But the company and the franchisee consider all the angles before plunging ahead. Every operating reality is considered -- the foot traffic, car traffic, the presence of competition, local taxes, and the local labor, etc. Again, McD's reacts to the environment in which each site operates. It doesn't create the environment.

However, you seem to believe the company orders the government to create a special subsidized labor market for it. In fact, that's what you want. You want the government to impose wage laws on it. But the government already does that. And in addition, the government has also created massive social spending programs

That aside, the failure of the tax code is obvious enough. However, blocking any improvements is the unyielding belief that corporations are the actual source of tax revenue.

Moreover, there's an equally rigid view that hiring experts to perform necessary tasks is cheating. However, one way to reduce the need for some experts is to eliminate the thing that creates their value, which you find so disturbing. The complex tax code leads to the demand for tax experts.

If US corporate tax rates were zero percent, then the need for corporate tax experts would diminish, though not disappear, because other countries levy taxes. income statements would show top-line revenue, cost of goods sold, interest expenses, a few other expenses, but NO depreciation allowance, because without a tax on income, there'd be no reason to offset revenue with the decline in value of purchased equipment, etc -- capital expenditures.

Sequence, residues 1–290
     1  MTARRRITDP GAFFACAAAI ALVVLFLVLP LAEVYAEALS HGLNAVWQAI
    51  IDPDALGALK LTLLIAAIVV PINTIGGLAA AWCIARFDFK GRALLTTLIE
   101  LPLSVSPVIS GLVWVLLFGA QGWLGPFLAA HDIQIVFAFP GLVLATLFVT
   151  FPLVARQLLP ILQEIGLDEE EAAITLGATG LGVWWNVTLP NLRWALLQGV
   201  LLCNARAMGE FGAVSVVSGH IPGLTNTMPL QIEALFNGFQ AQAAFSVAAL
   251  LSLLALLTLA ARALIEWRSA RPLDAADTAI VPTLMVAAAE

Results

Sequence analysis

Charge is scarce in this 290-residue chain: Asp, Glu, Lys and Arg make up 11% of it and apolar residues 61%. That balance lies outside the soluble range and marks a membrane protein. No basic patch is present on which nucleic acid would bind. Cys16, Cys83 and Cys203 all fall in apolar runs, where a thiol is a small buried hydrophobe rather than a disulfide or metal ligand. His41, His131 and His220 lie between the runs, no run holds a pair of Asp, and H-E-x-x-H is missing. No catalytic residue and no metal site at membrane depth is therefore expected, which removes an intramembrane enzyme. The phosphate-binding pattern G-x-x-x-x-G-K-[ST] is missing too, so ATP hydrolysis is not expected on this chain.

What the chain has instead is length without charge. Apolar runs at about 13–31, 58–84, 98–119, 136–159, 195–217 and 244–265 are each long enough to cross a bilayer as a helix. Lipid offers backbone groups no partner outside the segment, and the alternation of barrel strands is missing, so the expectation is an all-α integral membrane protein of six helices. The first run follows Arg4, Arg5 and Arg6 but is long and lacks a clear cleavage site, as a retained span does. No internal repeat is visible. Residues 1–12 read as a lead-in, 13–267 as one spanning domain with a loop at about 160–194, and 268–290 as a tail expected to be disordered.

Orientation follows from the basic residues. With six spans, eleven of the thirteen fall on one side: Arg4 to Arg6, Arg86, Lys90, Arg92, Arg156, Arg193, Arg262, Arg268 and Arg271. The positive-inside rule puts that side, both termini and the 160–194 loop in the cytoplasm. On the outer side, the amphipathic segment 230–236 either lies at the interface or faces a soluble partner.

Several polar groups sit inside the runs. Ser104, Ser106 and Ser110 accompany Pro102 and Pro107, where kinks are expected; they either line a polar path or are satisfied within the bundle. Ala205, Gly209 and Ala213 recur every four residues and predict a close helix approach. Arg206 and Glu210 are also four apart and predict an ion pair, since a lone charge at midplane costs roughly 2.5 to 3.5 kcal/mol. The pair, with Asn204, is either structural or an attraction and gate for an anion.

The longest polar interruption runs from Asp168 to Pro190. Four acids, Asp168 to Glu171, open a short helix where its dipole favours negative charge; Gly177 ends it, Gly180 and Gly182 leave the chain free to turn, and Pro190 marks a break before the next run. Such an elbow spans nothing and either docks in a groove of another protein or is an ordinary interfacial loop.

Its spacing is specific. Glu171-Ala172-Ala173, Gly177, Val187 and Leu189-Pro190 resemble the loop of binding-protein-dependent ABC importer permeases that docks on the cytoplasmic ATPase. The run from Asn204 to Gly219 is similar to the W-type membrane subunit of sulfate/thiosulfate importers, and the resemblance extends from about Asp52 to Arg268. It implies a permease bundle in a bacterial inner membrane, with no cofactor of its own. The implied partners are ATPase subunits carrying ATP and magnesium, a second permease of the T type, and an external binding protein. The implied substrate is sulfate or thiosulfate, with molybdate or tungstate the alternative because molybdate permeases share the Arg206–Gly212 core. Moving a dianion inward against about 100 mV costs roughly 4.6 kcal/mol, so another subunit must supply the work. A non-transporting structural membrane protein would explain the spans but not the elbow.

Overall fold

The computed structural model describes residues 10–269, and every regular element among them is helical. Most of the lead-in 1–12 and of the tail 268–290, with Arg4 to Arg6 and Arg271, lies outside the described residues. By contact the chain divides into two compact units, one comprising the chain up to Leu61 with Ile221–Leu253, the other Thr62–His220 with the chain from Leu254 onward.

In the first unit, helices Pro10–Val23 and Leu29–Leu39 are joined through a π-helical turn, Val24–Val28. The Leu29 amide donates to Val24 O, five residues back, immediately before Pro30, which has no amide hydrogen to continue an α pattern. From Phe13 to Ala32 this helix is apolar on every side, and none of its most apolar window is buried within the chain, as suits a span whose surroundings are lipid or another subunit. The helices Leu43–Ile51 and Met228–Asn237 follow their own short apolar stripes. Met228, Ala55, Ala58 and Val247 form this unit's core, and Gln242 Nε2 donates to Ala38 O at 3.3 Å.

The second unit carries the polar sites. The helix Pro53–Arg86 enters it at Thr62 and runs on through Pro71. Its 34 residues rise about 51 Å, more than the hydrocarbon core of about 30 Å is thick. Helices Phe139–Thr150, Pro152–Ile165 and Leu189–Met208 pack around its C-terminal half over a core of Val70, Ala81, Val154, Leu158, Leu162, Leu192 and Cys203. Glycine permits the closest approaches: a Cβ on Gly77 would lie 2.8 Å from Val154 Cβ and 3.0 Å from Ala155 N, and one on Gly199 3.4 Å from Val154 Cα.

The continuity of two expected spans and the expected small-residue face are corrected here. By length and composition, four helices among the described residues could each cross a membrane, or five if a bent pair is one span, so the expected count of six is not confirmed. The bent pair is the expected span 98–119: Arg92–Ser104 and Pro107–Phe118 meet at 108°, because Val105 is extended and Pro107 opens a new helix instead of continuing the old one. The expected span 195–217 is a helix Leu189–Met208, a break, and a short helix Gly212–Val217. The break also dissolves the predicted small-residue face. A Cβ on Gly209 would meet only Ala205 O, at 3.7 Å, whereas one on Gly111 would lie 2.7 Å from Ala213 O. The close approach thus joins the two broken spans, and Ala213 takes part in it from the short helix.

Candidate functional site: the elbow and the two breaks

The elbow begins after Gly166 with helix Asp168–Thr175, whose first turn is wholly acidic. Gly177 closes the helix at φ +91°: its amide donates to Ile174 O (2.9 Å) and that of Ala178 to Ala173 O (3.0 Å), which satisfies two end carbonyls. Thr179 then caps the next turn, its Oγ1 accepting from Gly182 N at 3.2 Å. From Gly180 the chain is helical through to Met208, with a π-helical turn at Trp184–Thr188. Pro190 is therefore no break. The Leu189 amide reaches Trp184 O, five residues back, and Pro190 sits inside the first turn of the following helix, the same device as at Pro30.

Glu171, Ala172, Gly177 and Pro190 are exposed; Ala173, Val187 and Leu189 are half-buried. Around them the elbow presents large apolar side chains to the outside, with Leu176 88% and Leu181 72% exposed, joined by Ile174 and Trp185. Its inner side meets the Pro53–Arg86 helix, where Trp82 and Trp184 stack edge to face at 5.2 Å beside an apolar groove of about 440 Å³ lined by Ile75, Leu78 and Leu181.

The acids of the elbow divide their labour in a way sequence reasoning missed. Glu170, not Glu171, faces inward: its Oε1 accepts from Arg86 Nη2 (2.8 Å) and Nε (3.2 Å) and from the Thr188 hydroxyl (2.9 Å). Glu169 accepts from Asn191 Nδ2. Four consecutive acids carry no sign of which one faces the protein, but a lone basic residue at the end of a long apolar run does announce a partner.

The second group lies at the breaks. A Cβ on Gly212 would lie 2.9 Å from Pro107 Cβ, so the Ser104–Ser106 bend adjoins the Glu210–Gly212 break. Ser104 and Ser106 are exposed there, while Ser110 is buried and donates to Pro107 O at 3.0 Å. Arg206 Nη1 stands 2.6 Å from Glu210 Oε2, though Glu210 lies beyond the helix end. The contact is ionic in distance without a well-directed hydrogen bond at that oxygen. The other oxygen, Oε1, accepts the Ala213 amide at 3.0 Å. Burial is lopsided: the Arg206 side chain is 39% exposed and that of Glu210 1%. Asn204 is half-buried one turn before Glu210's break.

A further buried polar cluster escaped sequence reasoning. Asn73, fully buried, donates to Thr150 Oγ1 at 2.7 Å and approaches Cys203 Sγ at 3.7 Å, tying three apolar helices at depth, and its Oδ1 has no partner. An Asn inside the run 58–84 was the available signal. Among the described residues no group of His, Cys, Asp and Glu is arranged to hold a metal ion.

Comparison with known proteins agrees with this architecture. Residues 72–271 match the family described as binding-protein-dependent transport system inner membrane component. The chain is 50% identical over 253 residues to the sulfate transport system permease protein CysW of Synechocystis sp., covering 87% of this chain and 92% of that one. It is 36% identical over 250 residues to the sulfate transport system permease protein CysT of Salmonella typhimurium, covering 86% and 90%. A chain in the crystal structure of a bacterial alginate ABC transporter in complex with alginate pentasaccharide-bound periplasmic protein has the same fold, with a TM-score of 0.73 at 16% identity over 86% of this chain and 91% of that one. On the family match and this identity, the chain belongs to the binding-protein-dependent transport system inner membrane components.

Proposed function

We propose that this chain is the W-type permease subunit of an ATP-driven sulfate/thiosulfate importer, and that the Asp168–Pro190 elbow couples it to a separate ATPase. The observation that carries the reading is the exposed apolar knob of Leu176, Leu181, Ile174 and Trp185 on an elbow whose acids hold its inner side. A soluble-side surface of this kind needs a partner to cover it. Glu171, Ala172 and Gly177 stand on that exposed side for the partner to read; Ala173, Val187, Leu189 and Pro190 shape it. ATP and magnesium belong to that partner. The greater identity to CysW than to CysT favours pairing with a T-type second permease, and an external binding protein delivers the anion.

And a lot of that cash kept offshore would return to an environment where it would be well treated, rather than confiscated. Would that lead to an increase in the number of McD's? More employment at McD's? Higher wages? Probably. Especially if the economy were expanding at a faster rate and approaching a state of full employment.

It's also believed that people can't move up the economic ladder in this country. Of course, if someone can only work the register at McD's their options are limited. But even restaurant work has its hierarchy. Waiters and waitresses all over NY City make some pretty good money. Excellent money, in fact. However, they derive their earnings from tips. Not hourly wages. Thus, there's always a better working environment waiting for everyone who looks.

Regarding my current activities in the financial world, well, I'm tied into another hot button industry -- oil & gas, with a focus on hydraulic fracturing.